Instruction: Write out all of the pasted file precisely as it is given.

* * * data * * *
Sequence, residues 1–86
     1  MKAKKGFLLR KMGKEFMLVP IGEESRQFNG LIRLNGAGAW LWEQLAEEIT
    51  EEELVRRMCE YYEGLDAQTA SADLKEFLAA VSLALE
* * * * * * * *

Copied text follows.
Sequence, residues 1–86
     1  MKAKKGFLLR KMGKEFMLVP IGEESRQFNG LIRLNGAGAW LWEQLAEEIT
    51  EEELVRRMCE YYEGLDAQTA SADLKEFLAA VSLALE